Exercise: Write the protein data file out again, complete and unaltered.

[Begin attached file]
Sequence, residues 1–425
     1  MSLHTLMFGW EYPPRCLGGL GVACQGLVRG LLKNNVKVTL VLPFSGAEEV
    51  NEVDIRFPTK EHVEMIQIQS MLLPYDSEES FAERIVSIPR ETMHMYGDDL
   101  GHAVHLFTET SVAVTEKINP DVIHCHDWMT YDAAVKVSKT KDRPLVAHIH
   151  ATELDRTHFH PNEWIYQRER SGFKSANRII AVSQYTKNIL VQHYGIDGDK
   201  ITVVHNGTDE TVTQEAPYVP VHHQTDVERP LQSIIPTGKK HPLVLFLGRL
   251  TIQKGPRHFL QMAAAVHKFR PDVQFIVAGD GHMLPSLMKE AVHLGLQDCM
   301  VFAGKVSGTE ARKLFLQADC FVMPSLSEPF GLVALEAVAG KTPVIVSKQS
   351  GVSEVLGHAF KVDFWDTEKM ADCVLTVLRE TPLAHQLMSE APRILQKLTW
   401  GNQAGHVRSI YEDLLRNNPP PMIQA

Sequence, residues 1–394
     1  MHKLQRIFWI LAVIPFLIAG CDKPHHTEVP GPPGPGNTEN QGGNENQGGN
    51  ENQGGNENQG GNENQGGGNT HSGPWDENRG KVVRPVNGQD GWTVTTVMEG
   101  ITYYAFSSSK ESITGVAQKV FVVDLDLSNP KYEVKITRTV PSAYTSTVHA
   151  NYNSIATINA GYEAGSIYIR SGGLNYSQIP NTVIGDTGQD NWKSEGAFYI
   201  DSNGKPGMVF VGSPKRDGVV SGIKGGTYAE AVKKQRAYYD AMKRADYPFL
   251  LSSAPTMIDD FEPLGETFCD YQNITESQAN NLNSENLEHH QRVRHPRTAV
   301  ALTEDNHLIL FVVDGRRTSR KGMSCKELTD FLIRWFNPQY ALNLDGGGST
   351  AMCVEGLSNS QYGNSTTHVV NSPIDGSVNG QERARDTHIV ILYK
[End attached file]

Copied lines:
Sequence, residues 1–425
     1  MSLHTLMFGW EYPPRCLGGL GVACQGLVRG LLKNNVKVTL VLPFSGAEEV
    51  NEVDIRFPTK EHVEMIQIQS MLLPYDSEES FAERIVSIPR ETMHMYGDDL
   101  GHAVHLFTET SVAVTEKINP DVIHCHDWMT YDAAVKVSKT KDRPLVAHIH
   151  ATELDRTHFH PNEWIYQRER SGFKSANRII AVSQYTKNIL VQHYGIDGDK
   201  ITVVHNGTDE TVTQEAPYVP VHHQTDVERP LQSIIPTGKK HPLVLFLGRL
   251  TIQKGPRHFL QMAAAVHKFR PDVQFIVAGD GHMLPSLMKE AVHLGLQDCM
   301  VFAGKVSGTE ARKLFLQADC FVMPSLSEPF GLVALEAVAG KTPVIVSKQS
   351  GVSEVLGHAF KVDFWDTEKM ADCVLTVLRE TPLAHQLMSE APRILQKLTW
   401  GNQAGHVRSI YEDLLRNNPP PMIQA

Sequence, residues 1–394
     1  MHKLQRIFWI LAVIPFLIAG CDKPHHTEVP GPPGPGNTEN QGGNENQGGN
    51  ENQGGNENQG GNENQGGGNT HSGPWDENRG KVVRPVNGQD GWTVTTVMEG
   101  ITYYAFSSSK ESITGVAQKV FVVDLDLSNP KYEVKITRTV PSAYTSTVHA
   151  NYNSIATINA GYEAGSIYIR SGGLNYSQIP NTVIGDTGQD NWKSEGAFYI
   201  DSNGKPGMVF VGSPKRDGVV SGIKGGTYAE AVKKQRAYYD AMKRADYPFL
   251  LSSAPTMIDD FEPLGETFCD YQNITESQAN NLNSENLEHH QRVRHPRTAV
   301  ALTEDNHLIL FVVDGRRTSR KGMSCKELTD FLIRWFNPQY ALNLDGGGST
   351  AMCVEGLSNS QYGNSTTHVV NSPIDGSVNG QERARDTHIV ILYK